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  • Sector Experience: A Blessing or a Curse?

    Rita Mascia

    Rita Mascia examines her multi-sector career in “Sector Experience: A Blessing or a Curse?”. She argues that being a bid agnostic is an advantage and shares her experience of the amazing learning curve presented when moving between sectors. She also provides an opinion on the difference between specialist and generalist recruitment.

    Rita is a bid professional with 21 years’ experience in the public, private and non-profit sectors. Her expertise includes business development, capture, bid management, bid writing, and contract negotiations. Her passion is leading teams to win business by producing persuasive proposals that deliver what they promise.

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  • Variety is the Spice of (Bid) Life…

    Charlotte Rees

    In “Variety is the Spice of (Bid) Life)…”, Charlotte Rees defines the challenges and benefits for bid professionals moving into a new industry. She also provides her top tips on how to get the most out of industry diversity within bid teams.

    Charlotte’s 10-year bid and proposal career spans professional services, engineering, IT services, facilities management and construction. She is the founder of the Wellbeing and Inclusion in Bids and Proposals (WIBAP) community, targeting gender inequality within the profession and providing a space to share experiences and overcome the challenges we all face on a regular basis.

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  • Spot the Difference: Can You Win Across Different Industries?

    Graham Ablett

    In “Spot the Difference: Can You Win Across Different Industries?”, Graham Ablett features the differences between the technology and professional services sectors for buyers, internal teams and public vs private end customers, highlighting key characteristics and top tips for success in both.

    Graham is a Consulting Director at Strategic Proposals, where he helps clients to win specific opportunities as well as implementing effective and efficient proposal processes. He is a former board member of APMP in the UK, holds APMP Professional status, and is an APMP Approved Trainer.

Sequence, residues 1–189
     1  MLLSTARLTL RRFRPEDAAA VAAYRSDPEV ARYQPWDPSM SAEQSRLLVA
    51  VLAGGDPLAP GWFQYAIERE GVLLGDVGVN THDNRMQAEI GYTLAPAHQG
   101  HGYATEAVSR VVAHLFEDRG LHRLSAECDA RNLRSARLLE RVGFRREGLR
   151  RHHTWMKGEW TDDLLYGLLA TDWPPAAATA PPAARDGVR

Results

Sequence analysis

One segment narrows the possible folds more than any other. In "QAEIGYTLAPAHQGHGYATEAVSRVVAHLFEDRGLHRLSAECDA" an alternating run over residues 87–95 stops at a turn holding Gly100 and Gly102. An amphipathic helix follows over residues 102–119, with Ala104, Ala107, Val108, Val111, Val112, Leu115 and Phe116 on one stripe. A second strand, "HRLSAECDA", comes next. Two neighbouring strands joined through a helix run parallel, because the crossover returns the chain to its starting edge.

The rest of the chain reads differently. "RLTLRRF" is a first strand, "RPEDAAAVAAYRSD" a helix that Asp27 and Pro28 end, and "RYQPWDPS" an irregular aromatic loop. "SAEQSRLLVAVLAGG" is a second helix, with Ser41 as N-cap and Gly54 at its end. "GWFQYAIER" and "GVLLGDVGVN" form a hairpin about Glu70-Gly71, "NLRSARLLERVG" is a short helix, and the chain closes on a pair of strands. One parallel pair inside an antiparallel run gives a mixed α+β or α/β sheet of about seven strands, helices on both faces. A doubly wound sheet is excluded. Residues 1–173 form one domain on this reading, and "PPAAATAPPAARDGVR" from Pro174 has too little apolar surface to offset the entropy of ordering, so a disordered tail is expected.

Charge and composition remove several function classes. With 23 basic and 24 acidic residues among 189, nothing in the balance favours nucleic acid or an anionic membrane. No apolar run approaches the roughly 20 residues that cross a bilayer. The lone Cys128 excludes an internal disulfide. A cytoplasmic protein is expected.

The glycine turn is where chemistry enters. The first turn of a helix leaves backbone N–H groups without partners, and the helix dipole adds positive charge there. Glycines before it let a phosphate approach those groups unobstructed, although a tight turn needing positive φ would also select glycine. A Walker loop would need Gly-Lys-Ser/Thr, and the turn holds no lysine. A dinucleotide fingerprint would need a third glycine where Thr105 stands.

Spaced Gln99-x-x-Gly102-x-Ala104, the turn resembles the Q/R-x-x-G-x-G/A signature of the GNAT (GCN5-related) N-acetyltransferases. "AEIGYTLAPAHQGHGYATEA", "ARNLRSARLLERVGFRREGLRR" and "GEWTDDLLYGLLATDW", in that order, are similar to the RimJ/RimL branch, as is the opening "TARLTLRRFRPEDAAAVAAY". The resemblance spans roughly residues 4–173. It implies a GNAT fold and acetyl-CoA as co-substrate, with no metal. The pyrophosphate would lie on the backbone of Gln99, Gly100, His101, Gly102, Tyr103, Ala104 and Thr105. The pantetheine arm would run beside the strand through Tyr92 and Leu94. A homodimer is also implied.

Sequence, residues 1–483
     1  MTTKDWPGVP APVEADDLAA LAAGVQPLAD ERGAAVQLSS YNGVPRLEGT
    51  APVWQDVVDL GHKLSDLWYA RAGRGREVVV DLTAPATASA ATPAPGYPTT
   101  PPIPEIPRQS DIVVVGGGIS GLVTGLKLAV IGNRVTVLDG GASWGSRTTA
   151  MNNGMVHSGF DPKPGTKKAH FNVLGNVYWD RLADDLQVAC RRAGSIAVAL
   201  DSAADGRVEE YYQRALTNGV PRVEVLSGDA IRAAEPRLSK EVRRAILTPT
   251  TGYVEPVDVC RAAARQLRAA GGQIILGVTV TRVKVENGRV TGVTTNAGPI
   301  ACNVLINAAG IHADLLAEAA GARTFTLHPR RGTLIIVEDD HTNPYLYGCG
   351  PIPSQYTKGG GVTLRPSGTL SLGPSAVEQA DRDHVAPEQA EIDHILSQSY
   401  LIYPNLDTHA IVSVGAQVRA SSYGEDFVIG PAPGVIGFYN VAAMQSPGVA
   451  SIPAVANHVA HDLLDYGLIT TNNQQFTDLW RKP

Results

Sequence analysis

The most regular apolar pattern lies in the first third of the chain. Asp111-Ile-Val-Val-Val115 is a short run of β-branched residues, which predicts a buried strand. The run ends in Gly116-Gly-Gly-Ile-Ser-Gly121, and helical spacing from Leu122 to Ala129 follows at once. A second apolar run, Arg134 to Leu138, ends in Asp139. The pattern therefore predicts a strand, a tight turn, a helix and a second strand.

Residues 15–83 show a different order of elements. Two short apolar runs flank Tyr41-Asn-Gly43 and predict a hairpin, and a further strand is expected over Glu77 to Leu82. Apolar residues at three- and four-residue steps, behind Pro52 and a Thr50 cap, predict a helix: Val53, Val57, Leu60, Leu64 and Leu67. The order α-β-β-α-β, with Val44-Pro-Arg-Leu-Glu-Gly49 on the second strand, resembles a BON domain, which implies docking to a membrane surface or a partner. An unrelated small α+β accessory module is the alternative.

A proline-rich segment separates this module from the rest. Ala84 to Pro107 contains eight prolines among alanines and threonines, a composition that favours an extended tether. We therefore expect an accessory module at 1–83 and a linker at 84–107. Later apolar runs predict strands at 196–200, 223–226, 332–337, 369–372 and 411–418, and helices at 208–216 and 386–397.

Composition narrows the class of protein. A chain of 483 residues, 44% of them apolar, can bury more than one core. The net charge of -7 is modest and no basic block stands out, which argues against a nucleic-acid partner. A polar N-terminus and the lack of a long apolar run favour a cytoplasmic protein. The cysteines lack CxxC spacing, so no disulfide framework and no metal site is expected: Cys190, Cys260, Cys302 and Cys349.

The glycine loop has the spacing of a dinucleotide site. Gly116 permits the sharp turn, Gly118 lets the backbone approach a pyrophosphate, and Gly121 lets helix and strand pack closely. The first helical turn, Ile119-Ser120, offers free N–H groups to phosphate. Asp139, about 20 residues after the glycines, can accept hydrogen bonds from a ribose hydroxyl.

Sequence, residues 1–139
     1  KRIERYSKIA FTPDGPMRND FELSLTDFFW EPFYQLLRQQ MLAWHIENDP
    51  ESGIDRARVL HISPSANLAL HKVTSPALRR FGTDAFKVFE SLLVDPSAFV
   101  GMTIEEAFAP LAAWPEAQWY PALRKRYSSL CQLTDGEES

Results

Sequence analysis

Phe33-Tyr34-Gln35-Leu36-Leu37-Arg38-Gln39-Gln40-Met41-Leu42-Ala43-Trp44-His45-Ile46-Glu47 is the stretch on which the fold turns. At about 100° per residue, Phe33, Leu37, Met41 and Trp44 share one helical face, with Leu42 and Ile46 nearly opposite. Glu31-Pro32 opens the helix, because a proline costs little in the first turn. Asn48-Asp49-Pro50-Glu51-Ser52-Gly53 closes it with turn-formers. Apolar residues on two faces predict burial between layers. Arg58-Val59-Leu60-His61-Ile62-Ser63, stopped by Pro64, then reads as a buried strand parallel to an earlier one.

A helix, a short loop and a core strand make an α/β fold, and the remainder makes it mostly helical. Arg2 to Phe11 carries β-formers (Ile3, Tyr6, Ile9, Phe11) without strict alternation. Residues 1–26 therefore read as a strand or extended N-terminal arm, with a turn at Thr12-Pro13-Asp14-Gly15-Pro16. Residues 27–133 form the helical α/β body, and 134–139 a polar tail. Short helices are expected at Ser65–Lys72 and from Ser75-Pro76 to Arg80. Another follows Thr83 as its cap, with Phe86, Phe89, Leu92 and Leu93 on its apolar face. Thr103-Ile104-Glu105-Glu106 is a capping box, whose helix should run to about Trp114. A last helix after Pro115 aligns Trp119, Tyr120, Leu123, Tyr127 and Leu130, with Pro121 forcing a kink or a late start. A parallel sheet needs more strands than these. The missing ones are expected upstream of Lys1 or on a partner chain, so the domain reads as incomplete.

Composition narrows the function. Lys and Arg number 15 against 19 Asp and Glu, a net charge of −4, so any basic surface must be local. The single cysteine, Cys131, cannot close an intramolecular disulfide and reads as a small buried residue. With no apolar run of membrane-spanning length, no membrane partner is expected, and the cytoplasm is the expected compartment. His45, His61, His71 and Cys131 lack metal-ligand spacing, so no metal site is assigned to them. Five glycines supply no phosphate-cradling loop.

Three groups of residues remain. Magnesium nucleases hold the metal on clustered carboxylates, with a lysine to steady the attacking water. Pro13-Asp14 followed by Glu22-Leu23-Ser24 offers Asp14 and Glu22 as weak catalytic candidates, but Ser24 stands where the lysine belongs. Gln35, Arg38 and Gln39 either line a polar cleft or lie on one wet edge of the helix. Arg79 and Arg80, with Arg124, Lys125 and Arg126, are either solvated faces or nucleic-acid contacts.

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  • A Force of Nature: The Power of Osmosis and a Deep-rooted Tree

    Isabelle Stevenson

    Isabella Stevenson’s unique formula for bidders working in differing sectors is the focus of her article “A Force of Nature: The Power of Osmosis and a Deep-rooted Tree”. She breaks down the components of the formula to demonstrate how they can be combined to achieve success in any sector.

    Isabella has 14 year’s bidding experience, with the last 10 as a Bid Manager (mainly in the built environment). She enjoys collaborating with technical teams to build win themes, install best practice and develop creative thinking to win more contracts and help organisations meet their business development objectives.

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  • A New Era of Bidding

    Samantha Burns

    Samantha Burns writes about industry bidding maturity and AI and tech trends in “A New Era of Bidding”. She also provides a view from the procurement side of the fence, discusses skillset non-negotiables and the balance needed between people and process, and creativity and volatility.

    Sam (CP APMP) is a Senior Bid Manager at EiB. She has over 11 years’ experience working in both private and public sectors, helping clients win transformational projects across the UK and globally. She has a passion for technology and pioneering solutions in the full business development lifecycle.

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  • Evolution of the Bid-Slinger: A Maverick’s Guide to Mastering the Proposal Game

    Izane Cloete-Hamilton

    Izane Cloete-Hamilton’s uplifting article “Evolution of the Bid-Slinger: A Maverick’s Guide to Mastering the Proposal Game” journeys through a kaleidoscope of viewpoints, indispensable ingredients for success and the need for evolution, exploration and exuberance in the bidding industry – whether you’re a specialist, a generalist, or someone looking to conquer a new sector.

    Izane is the Master of Inspiration at nFold, a strategic proposal consultancy in South Africa. She is a compassionate leader and has held senior management positions in business development, marketing, and bid management for over 20 years. She inspires success through thought leadership, training and strategy development.